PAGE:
In a previous article we saw that writing the HALT program is a logical impossibility, but what about more straightforward calculating tasks? Our simple computing model has stood up to the challenge of the hyper-exponential growth generated by the ultra-recursive Ackermann function. But how will it go playing the Busy Beaver game, invented by Tibor Radó in 1962?
The Busy Beaver game
To understand the Busy Beaver game we must return to our idealised model of computation, and add a few more details. Firstly, we have to specify the nature of the input and output of our computing machine. We will use an infinite tape of discrete cells, each of which contains either a 0 or a 1, and each able to be read by a program and overwritten. Secondly, we will model a program as a set of cards, operating on a currently active cell. Each card consists of two rules, one to apply if the active cell contains a 0, and another if it contains a 1. The rules tell the machine to write a new symbol into the cell (it may be the same symbol as is currently there), make either the next left or next right cell the new active cell, and then load a new card (or HALT). The size of the program, or equivalently the size of the machine, is simply the number of cards.
This model might seem too simple, but it turns out that any calculation a more complex machine can perform can also be computed under this simple model. In fact, any computer program you can think of can be implemented on such a machine, which, by the way, is called a Turing machine.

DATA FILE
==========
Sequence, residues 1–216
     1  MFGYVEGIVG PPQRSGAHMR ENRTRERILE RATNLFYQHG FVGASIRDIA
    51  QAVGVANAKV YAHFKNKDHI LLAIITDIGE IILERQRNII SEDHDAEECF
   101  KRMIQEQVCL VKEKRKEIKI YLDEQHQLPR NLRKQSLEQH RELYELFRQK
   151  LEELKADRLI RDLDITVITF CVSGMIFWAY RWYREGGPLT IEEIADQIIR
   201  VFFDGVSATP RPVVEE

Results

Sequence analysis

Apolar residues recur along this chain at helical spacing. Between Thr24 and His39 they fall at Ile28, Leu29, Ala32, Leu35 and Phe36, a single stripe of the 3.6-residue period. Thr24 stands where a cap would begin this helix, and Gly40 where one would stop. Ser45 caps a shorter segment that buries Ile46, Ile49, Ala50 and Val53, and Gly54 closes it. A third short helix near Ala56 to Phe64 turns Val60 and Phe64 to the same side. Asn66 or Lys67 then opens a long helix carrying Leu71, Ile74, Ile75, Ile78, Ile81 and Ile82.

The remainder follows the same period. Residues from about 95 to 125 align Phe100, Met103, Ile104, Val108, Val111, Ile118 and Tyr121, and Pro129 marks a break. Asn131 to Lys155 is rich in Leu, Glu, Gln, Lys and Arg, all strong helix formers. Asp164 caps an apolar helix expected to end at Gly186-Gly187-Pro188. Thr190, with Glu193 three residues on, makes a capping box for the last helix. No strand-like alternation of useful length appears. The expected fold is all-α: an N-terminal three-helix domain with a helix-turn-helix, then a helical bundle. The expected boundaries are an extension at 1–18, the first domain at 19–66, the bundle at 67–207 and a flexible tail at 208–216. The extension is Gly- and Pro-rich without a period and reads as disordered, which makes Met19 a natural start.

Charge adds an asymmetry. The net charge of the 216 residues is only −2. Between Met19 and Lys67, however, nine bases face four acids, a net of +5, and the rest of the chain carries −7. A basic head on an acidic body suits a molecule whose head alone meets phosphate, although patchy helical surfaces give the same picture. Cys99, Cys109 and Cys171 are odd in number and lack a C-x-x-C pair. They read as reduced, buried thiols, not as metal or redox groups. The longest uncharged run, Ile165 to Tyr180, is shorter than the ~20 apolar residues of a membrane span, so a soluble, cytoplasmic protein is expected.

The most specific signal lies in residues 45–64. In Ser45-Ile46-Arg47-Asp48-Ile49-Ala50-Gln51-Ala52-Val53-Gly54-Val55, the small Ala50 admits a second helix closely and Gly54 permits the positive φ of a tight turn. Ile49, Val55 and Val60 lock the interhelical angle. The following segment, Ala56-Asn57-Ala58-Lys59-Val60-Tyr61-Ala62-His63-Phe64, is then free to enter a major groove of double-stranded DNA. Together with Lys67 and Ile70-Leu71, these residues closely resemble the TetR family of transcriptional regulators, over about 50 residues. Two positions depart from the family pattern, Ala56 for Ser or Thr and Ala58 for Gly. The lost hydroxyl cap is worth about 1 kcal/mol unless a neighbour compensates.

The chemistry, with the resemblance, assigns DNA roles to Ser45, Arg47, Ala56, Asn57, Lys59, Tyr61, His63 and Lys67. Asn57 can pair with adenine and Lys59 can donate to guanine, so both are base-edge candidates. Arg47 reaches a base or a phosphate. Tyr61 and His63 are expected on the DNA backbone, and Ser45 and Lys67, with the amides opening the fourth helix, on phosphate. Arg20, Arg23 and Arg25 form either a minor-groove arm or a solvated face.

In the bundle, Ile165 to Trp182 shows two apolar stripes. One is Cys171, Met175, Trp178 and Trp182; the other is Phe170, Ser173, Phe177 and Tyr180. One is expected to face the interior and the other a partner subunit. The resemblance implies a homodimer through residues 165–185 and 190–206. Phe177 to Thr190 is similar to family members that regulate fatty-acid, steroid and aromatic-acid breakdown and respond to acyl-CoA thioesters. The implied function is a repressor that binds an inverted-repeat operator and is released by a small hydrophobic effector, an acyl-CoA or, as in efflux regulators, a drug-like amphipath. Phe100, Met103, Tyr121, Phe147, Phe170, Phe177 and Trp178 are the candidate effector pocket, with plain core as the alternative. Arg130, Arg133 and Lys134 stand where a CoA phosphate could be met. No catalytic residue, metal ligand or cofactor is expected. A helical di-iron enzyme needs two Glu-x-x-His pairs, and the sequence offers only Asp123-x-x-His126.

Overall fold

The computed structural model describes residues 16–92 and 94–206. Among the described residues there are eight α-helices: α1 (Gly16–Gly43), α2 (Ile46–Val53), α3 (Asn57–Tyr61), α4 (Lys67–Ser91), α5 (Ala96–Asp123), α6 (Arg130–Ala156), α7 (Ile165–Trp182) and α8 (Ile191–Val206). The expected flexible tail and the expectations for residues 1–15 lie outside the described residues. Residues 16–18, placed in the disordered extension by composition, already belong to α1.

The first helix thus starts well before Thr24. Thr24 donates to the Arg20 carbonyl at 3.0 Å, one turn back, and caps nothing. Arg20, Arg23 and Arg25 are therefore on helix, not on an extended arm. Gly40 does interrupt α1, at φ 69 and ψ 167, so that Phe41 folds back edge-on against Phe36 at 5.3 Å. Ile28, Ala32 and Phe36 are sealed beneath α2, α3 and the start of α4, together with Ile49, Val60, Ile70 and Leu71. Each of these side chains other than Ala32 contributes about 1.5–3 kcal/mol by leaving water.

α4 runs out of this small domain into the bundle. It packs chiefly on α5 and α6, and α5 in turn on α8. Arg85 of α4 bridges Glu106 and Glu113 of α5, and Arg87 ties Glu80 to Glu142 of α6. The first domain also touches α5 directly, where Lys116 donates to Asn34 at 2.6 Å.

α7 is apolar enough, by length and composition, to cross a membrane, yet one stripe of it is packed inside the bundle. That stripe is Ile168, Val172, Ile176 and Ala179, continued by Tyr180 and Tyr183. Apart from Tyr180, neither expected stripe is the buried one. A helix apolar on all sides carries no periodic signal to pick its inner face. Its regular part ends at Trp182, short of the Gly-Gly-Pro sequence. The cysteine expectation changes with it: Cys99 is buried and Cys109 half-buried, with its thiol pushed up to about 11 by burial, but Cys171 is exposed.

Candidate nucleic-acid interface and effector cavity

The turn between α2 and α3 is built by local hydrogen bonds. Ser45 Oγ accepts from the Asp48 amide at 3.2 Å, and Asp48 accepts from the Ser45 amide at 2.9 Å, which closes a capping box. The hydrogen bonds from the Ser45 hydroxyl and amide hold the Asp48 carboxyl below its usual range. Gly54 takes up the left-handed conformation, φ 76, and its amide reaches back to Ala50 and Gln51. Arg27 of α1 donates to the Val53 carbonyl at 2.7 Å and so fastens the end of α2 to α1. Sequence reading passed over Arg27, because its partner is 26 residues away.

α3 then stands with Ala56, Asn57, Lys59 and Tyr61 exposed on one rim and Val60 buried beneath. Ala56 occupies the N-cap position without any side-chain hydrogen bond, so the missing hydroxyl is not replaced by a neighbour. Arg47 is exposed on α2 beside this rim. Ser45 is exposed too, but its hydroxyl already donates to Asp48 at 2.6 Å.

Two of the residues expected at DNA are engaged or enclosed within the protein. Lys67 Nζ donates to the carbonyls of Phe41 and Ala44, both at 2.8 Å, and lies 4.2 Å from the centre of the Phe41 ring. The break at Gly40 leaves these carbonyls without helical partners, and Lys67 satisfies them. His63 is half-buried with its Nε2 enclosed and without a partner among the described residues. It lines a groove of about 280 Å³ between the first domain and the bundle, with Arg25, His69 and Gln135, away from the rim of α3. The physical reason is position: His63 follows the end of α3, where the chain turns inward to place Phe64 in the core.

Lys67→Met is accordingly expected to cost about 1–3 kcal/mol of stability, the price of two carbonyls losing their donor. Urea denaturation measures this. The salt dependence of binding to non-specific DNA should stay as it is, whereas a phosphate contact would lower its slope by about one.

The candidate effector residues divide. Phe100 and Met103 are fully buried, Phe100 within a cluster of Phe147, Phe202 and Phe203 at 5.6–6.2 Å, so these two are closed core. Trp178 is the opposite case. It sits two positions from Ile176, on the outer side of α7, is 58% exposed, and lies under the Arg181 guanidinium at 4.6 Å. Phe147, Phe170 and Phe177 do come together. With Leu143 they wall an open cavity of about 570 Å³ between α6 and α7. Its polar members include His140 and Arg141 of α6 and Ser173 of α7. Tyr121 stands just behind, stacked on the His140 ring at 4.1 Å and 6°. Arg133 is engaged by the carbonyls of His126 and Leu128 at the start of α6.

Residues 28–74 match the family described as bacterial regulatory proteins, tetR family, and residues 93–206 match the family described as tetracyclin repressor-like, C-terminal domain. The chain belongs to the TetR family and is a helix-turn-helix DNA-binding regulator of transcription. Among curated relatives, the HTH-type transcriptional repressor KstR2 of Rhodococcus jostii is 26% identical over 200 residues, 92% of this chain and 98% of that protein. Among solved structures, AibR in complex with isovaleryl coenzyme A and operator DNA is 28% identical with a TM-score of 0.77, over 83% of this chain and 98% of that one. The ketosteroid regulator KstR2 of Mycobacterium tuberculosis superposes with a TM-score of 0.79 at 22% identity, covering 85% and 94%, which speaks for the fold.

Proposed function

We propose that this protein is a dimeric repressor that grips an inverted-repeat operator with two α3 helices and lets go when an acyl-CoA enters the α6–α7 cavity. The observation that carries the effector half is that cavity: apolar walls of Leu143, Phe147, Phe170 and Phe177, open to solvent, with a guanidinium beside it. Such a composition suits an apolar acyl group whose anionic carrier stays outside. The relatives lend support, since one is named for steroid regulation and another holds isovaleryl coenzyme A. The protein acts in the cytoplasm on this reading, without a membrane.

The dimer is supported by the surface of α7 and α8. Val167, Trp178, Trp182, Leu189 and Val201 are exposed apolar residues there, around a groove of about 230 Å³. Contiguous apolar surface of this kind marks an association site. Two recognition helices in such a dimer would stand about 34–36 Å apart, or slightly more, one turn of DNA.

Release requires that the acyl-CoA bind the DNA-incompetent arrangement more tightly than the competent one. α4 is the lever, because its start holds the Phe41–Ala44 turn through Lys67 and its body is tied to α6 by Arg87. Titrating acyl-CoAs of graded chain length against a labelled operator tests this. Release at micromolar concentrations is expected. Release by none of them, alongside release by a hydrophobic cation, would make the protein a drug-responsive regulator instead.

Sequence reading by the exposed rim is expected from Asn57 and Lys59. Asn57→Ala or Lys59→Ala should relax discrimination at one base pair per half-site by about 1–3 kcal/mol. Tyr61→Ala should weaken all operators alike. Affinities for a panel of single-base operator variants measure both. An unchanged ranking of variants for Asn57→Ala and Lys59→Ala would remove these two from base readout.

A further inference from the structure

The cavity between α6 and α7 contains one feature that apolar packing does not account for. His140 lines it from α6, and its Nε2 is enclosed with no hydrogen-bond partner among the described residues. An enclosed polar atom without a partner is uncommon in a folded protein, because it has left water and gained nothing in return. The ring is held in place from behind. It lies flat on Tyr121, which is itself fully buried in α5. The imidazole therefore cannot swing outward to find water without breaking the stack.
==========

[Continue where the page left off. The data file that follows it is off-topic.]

Representing the rules as a triple (new symbol, shift L or R, new card), here is an example two-card machine.
$$ \begin{tabular}{ll}\mbox{Card 1:} & 0 \rightarrow 1,R,2 \\ & 1 \rightarrow 1,L,2 \\ \mbox{Card 2: } & 0 \rightarrow 1,L,1 \\ & 1 \rightarrow 1,R,HALT \\ \end{tabular} $$Starting with card 1 and a tape initialised with 0 in every position, running this machine proceeds as in the following table.
Card | Symbol | Write | Move | Next card | Tape (New active cell in bold) |
1 | 0 | 1 | R | 2 | ...0001000... |
2 | 0 | 1 | L | 1 | ...0001100... |
1 | 1 | 1 | L | 2 | ...0001100... |
2 | 0 | 1 | L | 1 | ...0011100... |
1 | 0 | 1 | R | 2 | ...111100... |
2 | 1 | 1 | R | HALT | ...0111100... |
We see that this machine runs through six card transitions (steps), writes four 1s onto the tape, and then halts. A different machine with different instructions written on the two cards might of course run on for longer than six steps. This raises a question: out of all the halting machines running a two-card program and set to start on a tape with all 0s, which one runs the longest?
Radó calls this busiest machine a Busy Beaver. You can also define a busy beaver for machines running with three cards, four cards, or any number $n$ of cards. The process of finding the maximum number $BB(n)$ of steps executed by a busy beaver of size $n$ is called the Busy Beaver Game. The first couple of $BB$ numbers are easy to determine. For $0$ cards there can be no steps, hence $BB(0) = 0$. For $1$ card, all that can be done is an immediate transition to the HALT state, hence $BB(1) = 1$. It is far from obvious, but there is no two card machine busier than our example above, and so $BB(2) = 6$. So far these numbers do not look particularly exciting. It took some years to prove, but the next couple of values are $BB(3) = 21$, and $BB(4) = 107$. But, to this day, no other values of the $BB(n)$ function are known. The busiest five card machine found so far isA | B | C | D | E | |